Marjory Wildcraft is the founder of The [Grow] Network, which is an online community that recognizes the wisdom of "homegrown food on every table." Marjory has been featured as an expert on sustainable living by National Geographic. She is a speaker at Mother Earth News fairs and a returning guest on Coast to Coast AM. She is the author of several books, but is best-known for her "Grow Your Own Groceries" video series, which is used by more than 300,000 homesteaders, survivalists, universities, and missionary organizations around the world.


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18 Comments
  • CaptTurbo

    Great video Marjory. I do all I can to bring health from the ground and the breathing thing is so important to be all we can be.

  • Liana

    You are so awesome to share this knowledge. I know that oxygen is so good for the body and your suggestions are
    Great. I am anxious to purchase your book when it is finished.

  • Marsha

    Great video on breathing. Two technicalities (that won’t even show up in the text of the book) from your presentation: check out when to use ‘you and I’ and ‘you and me’ and how to pronounce Dr. Andrew Weil’s name (I’ve heard it two different ways). Good grammar and pronunciation add confidence (for me) in what you say.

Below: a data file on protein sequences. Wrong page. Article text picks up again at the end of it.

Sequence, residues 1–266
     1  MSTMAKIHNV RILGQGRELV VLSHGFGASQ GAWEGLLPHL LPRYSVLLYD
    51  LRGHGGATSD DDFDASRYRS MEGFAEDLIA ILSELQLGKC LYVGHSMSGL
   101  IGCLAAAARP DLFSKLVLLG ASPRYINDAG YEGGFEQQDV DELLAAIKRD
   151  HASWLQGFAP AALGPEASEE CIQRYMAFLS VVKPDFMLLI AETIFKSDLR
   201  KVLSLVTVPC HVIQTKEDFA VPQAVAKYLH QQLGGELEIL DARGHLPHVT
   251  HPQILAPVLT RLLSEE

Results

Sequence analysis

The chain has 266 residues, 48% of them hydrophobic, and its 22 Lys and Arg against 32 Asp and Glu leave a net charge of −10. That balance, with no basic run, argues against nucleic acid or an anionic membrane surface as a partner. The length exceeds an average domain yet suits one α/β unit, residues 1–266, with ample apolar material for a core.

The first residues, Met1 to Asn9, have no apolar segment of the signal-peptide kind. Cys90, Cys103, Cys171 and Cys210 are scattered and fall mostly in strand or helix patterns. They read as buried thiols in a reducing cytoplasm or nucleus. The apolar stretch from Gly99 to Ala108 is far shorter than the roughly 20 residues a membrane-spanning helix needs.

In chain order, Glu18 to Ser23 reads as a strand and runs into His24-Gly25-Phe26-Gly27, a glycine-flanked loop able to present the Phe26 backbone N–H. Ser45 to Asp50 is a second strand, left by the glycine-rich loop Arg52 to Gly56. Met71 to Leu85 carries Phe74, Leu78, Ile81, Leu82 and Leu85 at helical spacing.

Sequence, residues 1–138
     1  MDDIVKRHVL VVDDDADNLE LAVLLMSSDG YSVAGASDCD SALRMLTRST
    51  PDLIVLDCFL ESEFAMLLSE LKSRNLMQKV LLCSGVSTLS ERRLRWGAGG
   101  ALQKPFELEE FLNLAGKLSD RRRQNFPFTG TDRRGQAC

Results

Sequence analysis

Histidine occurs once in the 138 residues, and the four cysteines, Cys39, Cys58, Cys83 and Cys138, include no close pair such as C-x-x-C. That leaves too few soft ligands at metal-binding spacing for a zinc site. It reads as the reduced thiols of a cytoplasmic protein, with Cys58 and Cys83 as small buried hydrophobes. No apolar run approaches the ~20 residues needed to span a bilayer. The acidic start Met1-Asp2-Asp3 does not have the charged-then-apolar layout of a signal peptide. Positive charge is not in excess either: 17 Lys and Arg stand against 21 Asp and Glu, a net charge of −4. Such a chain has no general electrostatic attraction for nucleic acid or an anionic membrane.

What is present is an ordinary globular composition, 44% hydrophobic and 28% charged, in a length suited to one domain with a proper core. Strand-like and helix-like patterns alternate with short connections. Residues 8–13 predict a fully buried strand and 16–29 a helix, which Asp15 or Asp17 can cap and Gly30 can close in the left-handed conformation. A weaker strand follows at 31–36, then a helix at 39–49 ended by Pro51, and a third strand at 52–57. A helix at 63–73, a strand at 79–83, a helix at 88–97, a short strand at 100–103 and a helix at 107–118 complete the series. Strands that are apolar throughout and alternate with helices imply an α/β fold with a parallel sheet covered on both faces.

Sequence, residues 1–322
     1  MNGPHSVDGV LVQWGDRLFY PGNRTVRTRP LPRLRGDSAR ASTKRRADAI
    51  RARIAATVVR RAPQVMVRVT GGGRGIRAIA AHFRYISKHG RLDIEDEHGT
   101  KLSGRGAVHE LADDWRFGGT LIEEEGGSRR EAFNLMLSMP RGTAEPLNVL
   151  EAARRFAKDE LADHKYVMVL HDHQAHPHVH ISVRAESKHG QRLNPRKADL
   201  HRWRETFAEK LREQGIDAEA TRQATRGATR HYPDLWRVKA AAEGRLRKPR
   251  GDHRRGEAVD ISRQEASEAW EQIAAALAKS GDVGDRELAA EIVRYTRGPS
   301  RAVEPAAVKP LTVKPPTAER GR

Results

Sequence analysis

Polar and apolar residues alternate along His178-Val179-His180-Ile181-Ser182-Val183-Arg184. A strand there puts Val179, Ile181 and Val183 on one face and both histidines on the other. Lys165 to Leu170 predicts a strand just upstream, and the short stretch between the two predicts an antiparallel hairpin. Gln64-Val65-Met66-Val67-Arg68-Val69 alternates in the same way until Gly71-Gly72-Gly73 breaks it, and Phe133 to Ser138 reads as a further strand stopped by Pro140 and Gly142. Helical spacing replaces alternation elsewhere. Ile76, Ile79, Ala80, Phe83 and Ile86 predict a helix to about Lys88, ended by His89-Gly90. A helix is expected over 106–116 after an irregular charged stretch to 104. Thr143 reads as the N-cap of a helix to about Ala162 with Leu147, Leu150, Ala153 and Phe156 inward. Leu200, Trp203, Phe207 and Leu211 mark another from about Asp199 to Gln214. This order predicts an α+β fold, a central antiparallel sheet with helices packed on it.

Way back when, during a particularly dark time, I still kept up with a simple set of exercises for flexibility. I discovered that the deeper breathing helped to lighten the depression.
    These days one of my ‘anywhere’ meditations is to visualize inhaling deeply from the power of the Sun and exhaling into the grounding of Mother Earth.
    Thanks for ALL you do to keep us centered on what is important.

    • Tina

      Barack Obana spoke clearly, yet I didn’t believe a word he said. Marjory speaks from heart, experience and is educated. I have followed her for 10 years…I will take her words over your words any day.

  • Caro

    Thanks a lot, I like to watch your video. They help me to stay focus on becoming better and keeping on building my little self-sufficient homestead.

  • Josie Dey

    I can tell by intuition your becoming No 1 bestseller with your new book. I love your segment on breathing. I have to review the rest of the segments. Thx for your generousity in sharing. God bless.

  • karen sillas

    I love you Marjory and all your ways to connect us to nature and the expansion of ourSelves and the planet. Let’s Garden on!
    k

  • Frances Graham

    Thanks Marjory you look a picture of health – you must be doing it right!